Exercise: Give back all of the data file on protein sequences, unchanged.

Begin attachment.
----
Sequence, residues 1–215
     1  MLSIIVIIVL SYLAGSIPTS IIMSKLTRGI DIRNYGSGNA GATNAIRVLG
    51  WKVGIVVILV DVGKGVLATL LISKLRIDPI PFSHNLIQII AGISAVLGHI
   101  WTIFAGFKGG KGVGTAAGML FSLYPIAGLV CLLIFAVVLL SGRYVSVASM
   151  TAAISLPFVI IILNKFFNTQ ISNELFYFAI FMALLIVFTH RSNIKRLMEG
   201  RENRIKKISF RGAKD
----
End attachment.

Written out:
Sequence, residues 1–215
     1  MLSIIVIIVL SYLAGSIPTS IIMSKLTRGI DIRNYGSGNA GATNAIRVLG
    51  WKVGIVVILV DVGKGVLATL LISKLRIDPI PFSHNLIQII AGISAVLGHI
   101  WTIFAGFKGG KGVGTAAGML FSLYPIAGLV CLLIFAVVLL SGRYVSVASM
   151  TAAISLPFVI IILNKFFNTQ ISNELFYFAI FMALLIVFTH RSNIKRLMEG
   201  RENRIKKISF RGAKD